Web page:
In one embodiment of the inventive hand-held tool with a horizontally arranged, with respect to the drive spindle axis, electromotor, the hand protecting part is formed as a separate part releasably connectable with the housing. The hand-protecting part has, at its end connectable with the housing, two spaced cheeks extendable on opposite sides of the housing. Upon connecting the hand protection part with the housing, the cheeks cover the air outlet openings which are provided on opposite sides of the housing. Openings in the cheeks provide for flow of the warm air into the warm air channel and to the blow-out openings. With the hand-protecting part being removed, the hand-held tool is similar to a conventional hand-held tool. With the pinned-up hand protecting part, guiding of the warm air away from an operator is insured. The hand protecting part can be formed as a complementary part to a conventional hand-held tool. According to a preferred embodiment of a hand-held tool according to the present invention, the hand-protecting part can be formed of two sections, a first stirrup-like section which, preferably, is fixedly connected with the tool housing, and a second pin-up section releasably connectable with the first section, with the warm air channel being formed in the second, pin-up section.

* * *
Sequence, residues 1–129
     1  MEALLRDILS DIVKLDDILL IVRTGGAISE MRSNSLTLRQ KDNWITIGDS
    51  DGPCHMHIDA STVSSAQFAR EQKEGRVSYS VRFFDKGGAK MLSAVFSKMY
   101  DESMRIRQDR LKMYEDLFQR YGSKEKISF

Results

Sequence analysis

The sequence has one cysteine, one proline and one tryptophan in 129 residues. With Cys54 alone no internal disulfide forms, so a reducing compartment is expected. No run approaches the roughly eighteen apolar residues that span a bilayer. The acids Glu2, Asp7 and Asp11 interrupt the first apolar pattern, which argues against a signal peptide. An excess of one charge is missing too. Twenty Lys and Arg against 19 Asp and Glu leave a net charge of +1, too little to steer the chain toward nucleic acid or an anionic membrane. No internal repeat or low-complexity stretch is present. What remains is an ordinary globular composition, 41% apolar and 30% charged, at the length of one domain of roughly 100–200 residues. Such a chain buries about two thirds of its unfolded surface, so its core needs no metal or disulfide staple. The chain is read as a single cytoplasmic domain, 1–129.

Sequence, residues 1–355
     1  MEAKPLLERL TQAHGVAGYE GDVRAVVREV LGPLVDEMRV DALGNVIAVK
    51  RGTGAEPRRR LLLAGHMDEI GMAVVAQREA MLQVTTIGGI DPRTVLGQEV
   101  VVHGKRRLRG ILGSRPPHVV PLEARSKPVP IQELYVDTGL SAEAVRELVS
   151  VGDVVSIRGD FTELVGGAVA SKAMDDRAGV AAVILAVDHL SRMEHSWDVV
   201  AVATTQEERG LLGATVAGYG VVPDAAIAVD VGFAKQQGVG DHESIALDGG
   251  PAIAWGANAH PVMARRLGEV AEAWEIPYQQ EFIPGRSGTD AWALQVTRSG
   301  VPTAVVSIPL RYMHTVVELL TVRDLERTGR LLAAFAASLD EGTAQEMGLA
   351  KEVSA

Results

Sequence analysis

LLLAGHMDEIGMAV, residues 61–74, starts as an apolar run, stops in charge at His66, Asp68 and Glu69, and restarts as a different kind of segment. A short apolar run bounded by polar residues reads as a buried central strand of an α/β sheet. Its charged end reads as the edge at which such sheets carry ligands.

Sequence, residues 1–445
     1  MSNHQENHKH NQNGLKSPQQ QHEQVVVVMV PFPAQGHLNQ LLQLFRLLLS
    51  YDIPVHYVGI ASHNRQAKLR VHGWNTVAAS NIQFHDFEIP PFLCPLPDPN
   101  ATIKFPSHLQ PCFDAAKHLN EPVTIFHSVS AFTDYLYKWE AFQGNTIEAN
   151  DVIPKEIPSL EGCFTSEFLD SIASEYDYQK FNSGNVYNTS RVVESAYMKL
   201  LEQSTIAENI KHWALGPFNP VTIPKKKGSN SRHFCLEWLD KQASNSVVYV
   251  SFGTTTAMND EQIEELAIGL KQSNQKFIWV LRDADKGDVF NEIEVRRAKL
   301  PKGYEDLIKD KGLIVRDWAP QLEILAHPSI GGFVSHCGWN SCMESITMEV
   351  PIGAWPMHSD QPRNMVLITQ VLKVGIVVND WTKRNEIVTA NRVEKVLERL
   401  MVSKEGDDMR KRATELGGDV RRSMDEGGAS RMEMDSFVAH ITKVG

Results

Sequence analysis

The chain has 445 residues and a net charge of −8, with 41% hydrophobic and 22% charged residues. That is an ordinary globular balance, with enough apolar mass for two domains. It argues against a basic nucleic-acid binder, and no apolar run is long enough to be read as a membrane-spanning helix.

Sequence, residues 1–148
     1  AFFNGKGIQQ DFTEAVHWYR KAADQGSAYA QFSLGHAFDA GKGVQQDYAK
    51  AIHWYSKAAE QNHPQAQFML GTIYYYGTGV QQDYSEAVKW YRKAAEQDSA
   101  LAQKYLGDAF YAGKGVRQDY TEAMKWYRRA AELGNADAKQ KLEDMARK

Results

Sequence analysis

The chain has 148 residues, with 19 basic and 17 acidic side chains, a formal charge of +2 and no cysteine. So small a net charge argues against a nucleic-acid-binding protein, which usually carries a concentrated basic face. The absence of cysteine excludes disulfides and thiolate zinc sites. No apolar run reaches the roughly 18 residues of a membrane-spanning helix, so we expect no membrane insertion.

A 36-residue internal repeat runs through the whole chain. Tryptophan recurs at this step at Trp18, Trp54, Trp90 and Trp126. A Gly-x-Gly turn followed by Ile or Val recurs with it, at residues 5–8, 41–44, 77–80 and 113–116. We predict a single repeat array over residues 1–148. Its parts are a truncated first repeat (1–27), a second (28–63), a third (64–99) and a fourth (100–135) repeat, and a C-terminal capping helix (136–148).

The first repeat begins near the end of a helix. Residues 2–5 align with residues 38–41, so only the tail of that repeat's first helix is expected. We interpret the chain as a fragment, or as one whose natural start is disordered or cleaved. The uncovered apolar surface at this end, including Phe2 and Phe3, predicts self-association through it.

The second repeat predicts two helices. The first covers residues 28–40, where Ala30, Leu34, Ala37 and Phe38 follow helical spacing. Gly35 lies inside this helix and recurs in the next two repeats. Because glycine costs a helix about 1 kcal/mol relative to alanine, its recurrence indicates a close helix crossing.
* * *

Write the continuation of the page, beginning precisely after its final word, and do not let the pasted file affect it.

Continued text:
With a hand-held tool according to the present invention, there exists a possibility to provide, at least in a portion of the warm air channel, noise suppression means which permits to at least partially reduce the noise generated by the electromotor, the gear set, and in particular, by the fan.